Australia’s financial comfort gap has narrowed for the first time in seven years.
Australia’s financial comfort gap has narrowed for the first time in seven years, with most households feeling better about their finances despite significant falls in residential property and share markets.
Income gains, easing living costs, increased cash savings and reduced overspending were key drivers in households’ rising financial comfort, but despite this, many cautious Australians were still trying to rein in their spending.
ME Bank’s bi-annual Household Financial Comfort Report released in February, showed more households were saving and fewer overspending.
The number of households saving each month increased to 51 per cent in the past six months – its equal highest level since the survey began seven years ago – with the estimated average amount savers are putting away increasing seven per cent to $862 per month.
Meanwhile, the estimated average amount over-spenders drew-down on savings or credit each month decreased 28 per cent to $453 per month.
ME Bank economist Jeff Oughton said increased belt-tightening may be a consequence of sustained property falls as well as economic and political uncertainty.
“We’re still seeing some geopolitical effects, with households concerned about the world economy up … to 29 per cent, and combined with domestic property and share market corrections, many Australians are beginning to tighten their belts to build financial resiliency,” Mr Oughton said.
Increased savings have flowed through to greater financial resilience with an improvement in households’ ability to handle a financial emergency (up one percent to 4.83, the second highest level since the report began).
In the seven years ME Bank has conducted the bi-annual survey, the financial comfort between property owners has diverged from renters. This is the first survey where the comfort between these cohorts narrowed.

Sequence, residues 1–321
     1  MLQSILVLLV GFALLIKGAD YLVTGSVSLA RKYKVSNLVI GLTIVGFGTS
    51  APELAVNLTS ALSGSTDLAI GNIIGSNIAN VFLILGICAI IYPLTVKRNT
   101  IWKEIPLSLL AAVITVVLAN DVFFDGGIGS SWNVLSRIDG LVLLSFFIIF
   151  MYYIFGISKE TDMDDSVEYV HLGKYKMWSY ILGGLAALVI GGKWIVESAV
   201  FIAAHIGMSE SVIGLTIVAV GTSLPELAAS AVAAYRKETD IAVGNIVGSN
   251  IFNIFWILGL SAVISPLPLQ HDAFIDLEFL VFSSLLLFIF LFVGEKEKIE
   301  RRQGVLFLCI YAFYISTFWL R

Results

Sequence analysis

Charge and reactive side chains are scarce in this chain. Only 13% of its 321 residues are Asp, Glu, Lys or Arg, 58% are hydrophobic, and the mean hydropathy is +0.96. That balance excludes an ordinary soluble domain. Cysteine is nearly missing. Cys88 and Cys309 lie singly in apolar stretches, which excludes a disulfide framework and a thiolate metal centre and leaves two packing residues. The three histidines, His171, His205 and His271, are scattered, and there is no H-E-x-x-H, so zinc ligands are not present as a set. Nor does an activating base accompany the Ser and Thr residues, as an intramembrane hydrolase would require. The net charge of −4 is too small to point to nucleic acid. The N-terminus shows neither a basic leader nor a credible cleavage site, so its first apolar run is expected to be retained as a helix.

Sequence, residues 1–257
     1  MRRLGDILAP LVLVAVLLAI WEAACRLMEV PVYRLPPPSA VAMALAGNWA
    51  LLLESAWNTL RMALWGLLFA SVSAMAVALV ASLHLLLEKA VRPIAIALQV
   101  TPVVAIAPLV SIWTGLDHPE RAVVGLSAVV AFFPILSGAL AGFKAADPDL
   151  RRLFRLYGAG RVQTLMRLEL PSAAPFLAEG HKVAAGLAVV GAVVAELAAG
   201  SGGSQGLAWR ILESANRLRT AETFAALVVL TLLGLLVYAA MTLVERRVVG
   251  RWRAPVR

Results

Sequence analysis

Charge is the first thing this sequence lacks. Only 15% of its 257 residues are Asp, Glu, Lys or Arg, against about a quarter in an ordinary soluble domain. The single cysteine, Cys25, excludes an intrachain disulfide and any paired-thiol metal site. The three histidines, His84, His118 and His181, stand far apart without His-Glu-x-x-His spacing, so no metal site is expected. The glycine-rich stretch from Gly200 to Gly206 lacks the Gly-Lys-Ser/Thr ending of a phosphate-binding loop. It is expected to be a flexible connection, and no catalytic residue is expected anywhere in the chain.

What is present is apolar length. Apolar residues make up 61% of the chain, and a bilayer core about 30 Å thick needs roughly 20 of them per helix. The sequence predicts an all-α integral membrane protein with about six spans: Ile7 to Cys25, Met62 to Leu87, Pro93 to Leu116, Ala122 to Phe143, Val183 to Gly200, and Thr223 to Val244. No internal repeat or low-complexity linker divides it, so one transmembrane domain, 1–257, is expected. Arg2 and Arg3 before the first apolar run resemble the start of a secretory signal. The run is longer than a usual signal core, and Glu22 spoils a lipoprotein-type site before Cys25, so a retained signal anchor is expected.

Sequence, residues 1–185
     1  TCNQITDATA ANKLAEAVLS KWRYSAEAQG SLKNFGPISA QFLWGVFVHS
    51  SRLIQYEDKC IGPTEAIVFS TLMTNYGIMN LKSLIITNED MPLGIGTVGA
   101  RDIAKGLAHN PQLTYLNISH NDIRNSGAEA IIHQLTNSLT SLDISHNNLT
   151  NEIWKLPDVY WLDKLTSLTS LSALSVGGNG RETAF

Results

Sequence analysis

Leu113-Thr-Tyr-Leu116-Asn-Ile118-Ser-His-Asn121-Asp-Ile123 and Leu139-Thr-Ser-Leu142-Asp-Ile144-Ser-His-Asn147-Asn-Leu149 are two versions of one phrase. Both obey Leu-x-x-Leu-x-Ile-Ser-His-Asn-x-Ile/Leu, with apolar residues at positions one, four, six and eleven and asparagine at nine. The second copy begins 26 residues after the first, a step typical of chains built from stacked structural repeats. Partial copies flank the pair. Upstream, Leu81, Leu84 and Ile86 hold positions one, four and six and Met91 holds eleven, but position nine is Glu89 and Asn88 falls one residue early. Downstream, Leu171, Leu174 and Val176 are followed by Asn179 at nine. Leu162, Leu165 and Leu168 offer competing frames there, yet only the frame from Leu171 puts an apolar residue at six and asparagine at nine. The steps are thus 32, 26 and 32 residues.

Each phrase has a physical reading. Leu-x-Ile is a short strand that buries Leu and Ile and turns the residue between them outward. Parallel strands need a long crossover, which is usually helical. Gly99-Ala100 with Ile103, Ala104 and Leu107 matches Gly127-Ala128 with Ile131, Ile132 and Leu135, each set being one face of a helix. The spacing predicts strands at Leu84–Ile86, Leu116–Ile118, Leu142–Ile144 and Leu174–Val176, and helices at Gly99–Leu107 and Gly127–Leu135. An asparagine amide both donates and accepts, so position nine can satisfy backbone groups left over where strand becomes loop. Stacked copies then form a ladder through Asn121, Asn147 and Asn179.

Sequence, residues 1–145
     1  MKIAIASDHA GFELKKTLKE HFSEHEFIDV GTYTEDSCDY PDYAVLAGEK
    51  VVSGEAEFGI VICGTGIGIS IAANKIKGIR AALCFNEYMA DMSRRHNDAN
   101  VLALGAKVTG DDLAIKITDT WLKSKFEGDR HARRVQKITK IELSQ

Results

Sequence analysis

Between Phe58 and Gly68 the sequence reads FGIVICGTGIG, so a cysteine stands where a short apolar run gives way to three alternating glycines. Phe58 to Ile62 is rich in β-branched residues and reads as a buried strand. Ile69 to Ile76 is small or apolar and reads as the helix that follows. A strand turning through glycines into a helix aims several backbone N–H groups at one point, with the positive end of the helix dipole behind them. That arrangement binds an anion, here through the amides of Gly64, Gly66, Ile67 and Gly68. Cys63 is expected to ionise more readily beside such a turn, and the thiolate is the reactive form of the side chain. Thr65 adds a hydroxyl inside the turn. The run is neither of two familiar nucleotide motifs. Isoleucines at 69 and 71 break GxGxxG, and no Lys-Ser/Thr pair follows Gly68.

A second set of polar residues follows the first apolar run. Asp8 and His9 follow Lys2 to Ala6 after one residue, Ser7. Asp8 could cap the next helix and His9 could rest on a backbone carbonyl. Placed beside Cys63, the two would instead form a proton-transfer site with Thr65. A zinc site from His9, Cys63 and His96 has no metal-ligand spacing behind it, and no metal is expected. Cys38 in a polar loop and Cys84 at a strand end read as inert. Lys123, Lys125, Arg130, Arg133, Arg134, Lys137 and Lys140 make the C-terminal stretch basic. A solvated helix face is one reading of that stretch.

“The comfort gap between property owners and renters, as well as between very high-income earners and other income brackets, has narrowed,” Mr Oughton explained.
“We’ve seen a correction for wealthier, older property-owning Australians who have been riding the hot property and bull share markets for much of the past seven years, while middle and lower-income households have begun to benefit from an easing in living cost pressures and income gains.
“Together the changes have helped to narrow the big gap in financial comfort that had been widening.
“Cooling housing and share markets haven’t yet dented the financial outlook of most Australian households, and many residential property owners remain positive: only 13 per cent of home owners and 11 per cent of investors expect the value of their properties to fall in 2019.”
How would you rate your own financial comfort? Have you been trying to cut back on your own spending this year? What have been the main reasons for this?
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